Constance Wu Claims Her Supportive Amber Heard Comments Were Cut From Interviews
Actress Constance Wu spoke out in support of Amber Heard this week, claiming that she has tried to do so before but that her remarks have been cut from media coverage. Heard’s ex-husband Johnny Depp successfully sued her for defamation in a highly sensationalized trial earlier this year. Wu wonders why interviewers did not use her quotes on the matter since then.
Wu responded to a tweet by NBC News reporter Kat Tenbarge this week, which stated that Phoebe Bridgers is “one of the only prominent celebrities/artists to speak up about the double standards and victim-blaming in online culture around Amber Heard.” Wu wrote” “I’ve spoken up about the misogynist vilification of [Heard] to a few interviewers, but it’s always been left out of their final published articles. Could be [because] it wasn’t relevant to the article’s topic, BUT also could be telling in and of itself…”
Wu gave those reporters the benefit of the doubt while also raising an interesting point about the coverage of Heard and Depp’s trial. Pundits have questioned how much influence the media exerted in covering the fiasco and how much it fanned the flames of online discourse. Wu’s experience – and the implication that other actors were treated the same – could indicate that support for Heard did not seem worthy of writing about. Wu added a bit more context in a follow-up comment later on.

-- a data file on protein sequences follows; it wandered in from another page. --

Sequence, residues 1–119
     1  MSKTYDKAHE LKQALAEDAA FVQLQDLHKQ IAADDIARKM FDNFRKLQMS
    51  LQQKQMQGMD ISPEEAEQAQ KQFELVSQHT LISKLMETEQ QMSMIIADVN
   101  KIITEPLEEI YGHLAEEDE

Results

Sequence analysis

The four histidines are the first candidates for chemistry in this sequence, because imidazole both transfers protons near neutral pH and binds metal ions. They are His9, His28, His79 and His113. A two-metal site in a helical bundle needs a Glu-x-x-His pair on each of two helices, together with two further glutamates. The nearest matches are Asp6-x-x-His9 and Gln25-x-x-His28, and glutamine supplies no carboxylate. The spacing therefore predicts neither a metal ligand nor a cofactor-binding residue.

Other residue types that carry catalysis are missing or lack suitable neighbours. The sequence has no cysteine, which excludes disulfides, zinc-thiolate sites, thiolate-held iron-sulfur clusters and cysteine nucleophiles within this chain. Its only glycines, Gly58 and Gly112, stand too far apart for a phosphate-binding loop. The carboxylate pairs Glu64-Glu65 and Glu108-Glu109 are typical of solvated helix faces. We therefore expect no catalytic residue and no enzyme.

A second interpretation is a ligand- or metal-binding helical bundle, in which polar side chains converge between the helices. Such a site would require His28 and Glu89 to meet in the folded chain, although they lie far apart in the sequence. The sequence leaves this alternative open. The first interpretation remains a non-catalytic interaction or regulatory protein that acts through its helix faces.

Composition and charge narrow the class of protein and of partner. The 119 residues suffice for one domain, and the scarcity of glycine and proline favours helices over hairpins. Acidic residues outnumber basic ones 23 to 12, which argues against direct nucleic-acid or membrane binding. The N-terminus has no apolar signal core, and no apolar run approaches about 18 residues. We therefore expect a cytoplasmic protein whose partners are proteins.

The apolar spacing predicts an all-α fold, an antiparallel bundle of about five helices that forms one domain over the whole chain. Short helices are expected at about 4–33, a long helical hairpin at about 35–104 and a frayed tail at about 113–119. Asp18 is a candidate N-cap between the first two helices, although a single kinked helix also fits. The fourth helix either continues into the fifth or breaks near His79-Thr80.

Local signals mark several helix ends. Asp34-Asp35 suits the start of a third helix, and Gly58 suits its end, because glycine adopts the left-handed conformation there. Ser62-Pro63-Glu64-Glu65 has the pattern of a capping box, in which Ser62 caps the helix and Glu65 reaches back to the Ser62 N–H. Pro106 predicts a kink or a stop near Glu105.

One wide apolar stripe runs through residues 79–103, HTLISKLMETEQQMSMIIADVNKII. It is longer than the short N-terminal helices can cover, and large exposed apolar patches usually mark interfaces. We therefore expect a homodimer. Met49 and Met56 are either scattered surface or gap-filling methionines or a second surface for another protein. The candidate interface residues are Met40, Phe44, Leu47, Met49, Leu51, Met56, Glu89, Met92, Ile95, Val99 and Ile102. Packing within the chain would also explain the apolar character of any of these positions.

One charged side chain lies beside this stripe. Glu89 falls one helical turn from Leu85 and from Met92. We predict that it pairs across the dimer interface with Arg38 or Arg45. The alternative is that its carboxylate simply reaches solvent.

“To be fair, there are lots of things I talk about in interviews that never make the cut I think [because] of word count limits and relevance to the writing assignment,” she wrote. Wu has been promoting her new book, Making a Scene, which was published earlier this month. It is a memoir covering her early life, her career beginnings and her work on productions including Fresh Off the Boat and Crazy Rich Asians.
Wu’s tweet picked up thousands of likes and retweets, as well as hundreds of comments and quote-tweets. Many simply took it as a chance to relitigate the Depp-Heard case in the court of public opinion once again. The case remains divisive, and the appeals process may keep it in the public consciousness for even longer.
Wu’s book Making a Scene is available now in print, digital and audiobook formats. She also has a role in Lyle, Lyle, Crocodile, which is playing now in theaters. Heard and Depp have not responded to Wu’s comments on their case.